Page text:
Ikigai, or the Art of Finding One’s Purpose in Life
Finding one’s place in the world and determining what will wake us up in the morning may be anyone’s most transcendental quest.
Few things are more difficult to find than a justification for one’s existence in the universe. One of humankind’s most essential explorations, such a search also has a more intimate dimension, and this implies the personal search that’s presented to everyone at some point in their lives. In Japan, a term describes this path, the search for the meaning in one’s life. It’s called ikigai. A review of the concept and its meaning may provide simple but essential information to better understand our own transits through the world.
Japanese words, often untranslatable, shine for their meticulousness and for their ability to describe deeply specific things, ideas, or sensations (examples are the 50 Japanese words for rain). The word ikigai results from a combination of two concepts: iki which means “life” and gai which, broadly speaking, might be translated as “value.” By its own turn, gai (in a voice from the Heian period in Japanese classical history) derives from the word kai, meaning “shell,” and recalling the marine objects then so highly prized.
An idea like “the value of a life” might sound, at first, both grandiloquent and difficult to assimilate. But in Japanese, what we call “life” (a term which encompasses both the time we spend literally alive, and that which we call “everyday life”) is described by two very different terms: jinsei, meaning “life,” and seikatsu, which refers to “daily life.” The concept of ikigai refers specifically to seikatsu, and this may help us both to better place the concept and to understand it as that which gives meaning to our everyday lives. Understood this way, ikigai could be a hobby, a job or, for example, the task of raising a child. In Japan, the term refers, then, to the sum of small pleasures (those of which Hermann Hesse once wrote so lucidly) and which, together, give meaning to our lives.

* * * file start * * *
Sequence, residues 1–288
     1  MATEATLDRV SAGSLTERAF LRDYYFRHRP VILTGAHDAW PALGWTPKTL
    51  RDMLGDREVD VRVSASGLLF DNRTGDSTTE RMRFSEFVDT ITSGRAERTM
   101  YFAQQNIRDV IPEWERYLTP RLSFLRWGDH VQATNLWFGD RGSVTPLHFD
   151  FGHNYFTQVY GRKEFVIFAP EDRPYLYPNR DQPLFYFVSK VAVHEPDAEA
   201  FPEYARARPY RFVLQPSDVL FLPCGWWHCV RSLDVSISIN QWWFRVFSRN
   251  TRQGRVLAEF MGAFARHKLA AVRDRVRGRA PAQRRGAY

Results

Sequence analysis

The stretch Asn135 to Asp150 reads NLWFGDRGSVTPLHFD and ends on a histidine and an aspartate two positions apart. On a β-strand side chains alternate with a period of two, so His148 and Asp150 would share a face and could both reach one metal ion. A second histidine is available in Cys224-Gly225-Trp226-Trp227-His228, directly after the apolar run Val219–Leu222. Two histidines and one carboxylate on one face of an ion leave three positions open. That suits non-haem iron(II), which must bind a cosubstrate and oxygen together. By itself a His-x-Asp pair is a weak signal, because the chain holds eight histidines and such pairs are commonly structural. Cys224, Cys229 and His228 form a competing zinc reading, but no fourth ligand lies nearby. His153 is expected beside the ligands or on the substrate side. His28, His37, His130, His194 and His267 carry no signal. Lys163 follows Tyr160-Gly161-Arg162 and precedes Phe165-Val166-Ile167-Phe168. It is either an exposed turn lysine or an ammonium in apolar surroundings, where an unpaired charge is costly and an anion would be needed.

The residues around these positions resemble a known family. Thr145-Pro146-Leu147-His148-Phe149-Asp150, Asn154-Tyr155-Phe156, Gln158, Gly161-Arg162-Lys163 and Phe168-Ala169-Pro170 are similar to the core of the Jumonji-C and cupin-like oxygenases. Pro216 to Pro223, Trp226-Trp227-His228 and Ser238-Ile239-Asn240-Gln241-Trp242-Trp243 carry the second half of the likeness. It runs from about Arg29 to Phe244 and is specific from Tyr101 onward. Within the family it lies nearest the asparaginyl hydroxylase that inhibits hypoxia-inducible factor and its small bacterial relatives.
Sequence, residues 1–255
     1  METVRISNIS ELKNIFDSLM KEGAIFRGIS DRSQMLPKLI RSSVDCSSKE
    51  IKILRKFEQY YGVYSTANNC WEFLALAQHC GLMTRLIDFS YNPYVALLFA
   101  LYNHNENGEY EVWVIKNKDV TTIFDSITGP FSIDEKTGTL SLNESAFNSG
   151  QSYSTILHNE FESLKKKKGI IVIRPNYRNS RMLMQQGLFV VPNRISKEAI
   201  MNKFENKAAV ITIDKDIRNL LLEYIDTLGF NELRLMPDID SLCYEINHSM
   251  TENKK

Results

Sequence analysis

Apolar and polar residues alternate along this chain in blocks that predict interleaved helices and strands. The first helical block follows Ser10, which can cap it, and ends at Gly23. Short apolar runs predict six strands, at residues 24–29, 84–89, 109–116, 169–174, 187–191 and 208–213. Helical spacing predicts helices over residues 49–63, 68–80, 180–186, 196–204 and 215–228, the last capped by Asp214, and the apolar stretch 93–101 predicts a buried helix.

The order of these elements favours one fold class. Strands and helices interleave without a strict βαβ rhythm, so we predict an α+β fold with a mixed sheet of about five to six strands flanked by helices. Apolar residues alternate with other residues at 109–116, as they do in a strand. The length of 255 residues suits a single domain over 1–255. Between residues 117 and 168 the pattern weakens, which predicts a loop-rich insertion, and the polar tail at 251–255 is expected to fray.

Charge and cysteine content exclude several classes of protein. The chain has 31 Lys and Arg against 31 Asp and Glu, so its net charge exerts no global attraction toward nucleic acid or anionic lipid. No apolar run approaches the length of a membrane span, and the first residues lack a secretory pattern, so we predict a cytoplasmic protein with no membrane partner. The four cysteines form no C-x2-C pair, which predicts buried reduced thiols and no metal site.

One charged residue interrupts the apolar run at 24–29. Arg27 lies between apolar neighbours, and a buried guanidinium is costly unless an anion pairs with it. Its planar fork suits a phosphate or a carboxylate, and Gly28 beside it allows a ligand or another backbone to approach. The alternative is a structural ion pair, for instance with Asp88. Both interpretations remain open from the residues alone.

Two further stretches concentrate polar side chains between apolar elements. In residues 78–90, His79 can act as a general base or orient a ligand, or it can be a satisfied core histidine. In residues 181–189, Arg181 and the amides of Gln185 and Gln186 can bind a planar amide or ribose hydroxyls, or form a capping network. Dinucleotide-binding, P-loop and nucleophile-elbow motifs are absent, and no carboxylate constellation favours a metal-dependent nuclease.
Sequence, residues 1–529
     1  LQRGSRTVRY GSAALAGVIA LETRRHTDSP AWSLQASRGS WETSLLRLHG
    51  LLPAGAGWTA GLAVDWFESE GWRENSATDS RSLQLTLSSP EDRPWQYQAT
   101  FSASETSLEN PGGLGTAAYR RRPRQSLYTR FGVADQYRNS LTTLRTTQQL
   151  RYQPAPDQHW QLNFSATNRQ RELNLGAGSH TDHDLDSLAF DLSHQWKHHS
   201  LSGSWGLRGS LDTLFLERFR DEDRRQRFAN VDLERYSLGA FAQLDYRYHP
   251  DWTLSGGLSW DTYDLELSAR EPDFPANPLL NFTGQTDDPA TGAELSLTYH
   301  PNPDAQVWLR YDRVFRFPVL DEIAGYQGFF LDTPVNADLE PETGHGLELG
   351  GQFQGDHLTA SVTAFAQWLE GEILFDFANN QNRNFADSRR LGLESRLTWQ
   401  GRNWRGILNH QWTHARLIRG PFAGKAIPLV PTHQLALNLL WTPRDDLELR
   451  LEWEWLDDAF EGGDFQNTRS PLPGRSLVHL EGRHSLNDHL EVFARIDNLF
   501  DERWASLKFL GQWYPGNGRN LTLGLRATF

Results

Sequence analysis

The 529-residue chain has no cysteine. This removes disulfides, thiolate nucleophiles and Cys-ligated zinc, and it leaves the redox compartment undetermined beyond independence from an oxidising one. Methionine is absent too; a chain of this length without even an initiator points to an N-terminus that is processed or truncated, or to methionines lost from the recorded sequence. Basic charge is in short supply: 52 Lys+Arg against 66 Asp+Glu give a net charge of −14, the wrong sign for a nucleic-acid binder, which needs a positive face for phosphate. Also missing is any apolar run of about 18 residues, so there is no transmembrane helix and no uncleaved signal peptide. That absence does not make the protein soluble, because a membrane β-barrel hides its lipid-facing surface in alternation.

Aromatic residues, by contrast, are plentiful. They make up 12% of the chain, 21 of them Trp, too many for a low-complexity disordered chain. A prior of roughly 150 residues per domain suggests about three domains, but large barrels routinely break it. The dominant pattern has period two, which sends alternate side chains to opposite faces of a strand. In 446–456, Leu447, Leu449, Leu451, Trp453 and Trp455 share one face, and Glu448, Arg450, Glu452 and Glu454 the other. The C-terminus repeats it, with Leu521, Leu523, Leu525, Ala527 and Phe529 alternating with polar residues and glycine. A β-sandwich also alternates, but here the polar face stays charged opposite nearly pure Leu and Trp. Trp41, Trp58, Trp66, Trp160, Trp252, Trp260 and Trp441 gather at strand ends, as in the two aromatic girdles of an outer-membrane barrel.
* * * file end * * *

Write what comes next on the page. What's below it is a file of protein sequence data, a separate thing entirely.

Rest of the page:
Those who’ve explored the concept in the West, have taken it to a more practical place, relating it to the work we do and how that may or may not be a source of personal satisfaction. This is why this concept has been used profusely by businesses and in educational courses for the employees of large corporations. For the Japanese, ikigai doesn’t necessarily concern the way we earn a living. For Westerners, the concept has come to be defined as the act of finding a job which gives meaning to our lives, at the intersection of what one loves and what one knows how to do, also a job that is the source of one’s income. The diagram below makes clear how ikigai has been translated on this side of the world.
For other scholars of the concept, such as the National Geographic writer and explorer Dan Buettner, ikigai is a source of longevity. In a Ted Talk on the world’s Blue Zones – places where the numbers of centenarians are most highly concentrated – Buettner states that one reason residents of the Japanese island of Okinawa live longer (an average age of 87 years in women and 81 years in men), beyond their healthy eating habits, is that their ikigai is very clear. The elderly feel a duty to share their wisdom with younger generations. This responsibility is their reason to live, transcending a person’s importance and resulting in a generous act which gives them the strength to get up every morning.
Finding the value in one’s life involves a deeply personal, courageous process. It’s an exploration that may take a long time and which may even constitute the highest search toward which a person might aspire. Thus, the concept of ikigai (whether by the definition of the East or the West) invites us to look for what we love and to not let it go (a bit of advice once spoken of by the mythologist Joseph Campbell). Perhaps finding the value in what we do as something transcendent can only ever result in a fuller life, and (then maybe even) in a longer one, too.
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